With words closely echoing his father’s foreign policy concerns, Rand Paul has said that the GOP penchant for making war has actually created the current ISIS crisis:
In an interview on MSNBC’s “Morning Joe,” Paul was asked about the criticism he’s received from GOP hawks like South Carolina Sen. Lindsey Graham and Arizona Sen. John McCain, who have argued that America’s failure to arm moderate rebel groups in the Syrian civil war created space for the Islamic State of Iraq and Syria (ISIS) to grow.
“I would say it’s exactly the opposite,” Paul said. “ISIS exists and grew stronger because of the hawks in our party who gave arms indiscriminately, and most of those arms were snatched up by ISIS. These hawks also wanted to bomb [Syrian dictator Bashar] Assad, which would have made ISIS’s job even easier.”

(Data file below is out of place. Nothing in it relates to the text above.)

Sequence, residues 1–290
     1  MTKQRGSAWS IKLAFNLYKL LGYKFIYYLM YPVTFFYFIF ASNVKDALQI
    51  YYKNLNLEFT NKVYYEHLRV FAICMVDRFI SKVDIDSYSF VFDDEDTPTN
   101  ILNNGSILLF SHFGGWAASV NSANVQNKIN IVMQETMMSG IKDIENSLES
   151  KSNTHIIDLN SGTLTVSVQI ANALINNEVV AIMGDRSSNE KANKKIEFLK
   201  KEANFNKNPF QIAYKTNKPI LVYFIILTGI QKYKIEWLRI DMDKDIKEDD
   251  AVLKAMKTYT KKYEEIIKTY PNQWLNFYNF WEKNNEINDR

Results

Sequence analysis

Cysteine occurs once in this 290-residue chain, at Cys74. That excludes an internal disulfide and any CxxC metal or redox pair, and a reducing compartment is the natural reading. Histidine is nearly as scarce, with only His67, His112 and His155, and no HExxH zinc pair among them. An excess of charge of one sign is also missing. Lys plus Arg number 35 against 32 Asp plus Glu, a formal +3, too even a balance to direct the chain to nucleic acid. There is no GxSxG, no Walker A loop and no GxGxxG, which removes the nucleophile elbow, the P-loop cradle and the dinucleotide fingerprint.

Ron Paul had very similar things to say, and he was brutalized for those opinions in the public forum, especially on the campaign trail. Just why the idea of non-interventionism is so unpopular, or so hard for people to understand, is beyond me. Everyone and their mother knows that we actually helped get Saddam Hussein into power a few years before we were “forced” to clear him out of the way so ISIS could take over. Everyone knows we armed the Taliban in Afghanistan before they became enemy No. 1. The list actually goes on and on. Arming and aiding the enemies of our enemies in an indefinite cycle has never really been in the interest of anyone but the military-industrial complex.
In fact, how many times have our intrusive hawkish policies ever actually resulted in unmitigated gain for the United States? I’ll give you a hint—you can count them on the fingers of a clenched fist.
Yet, here we are. Doing it again and again. And Rand Paul and his father are mislabeled as “isolationists.” I’ll probably have to say this over and over again, but refusing to intervene with your military is not isolationism. There are other ways than war to interact with other countries. At least, there used to be. But if you punch a guy in the face enough times, it’s funny how, over time, he stops being as willing to talk things over with you.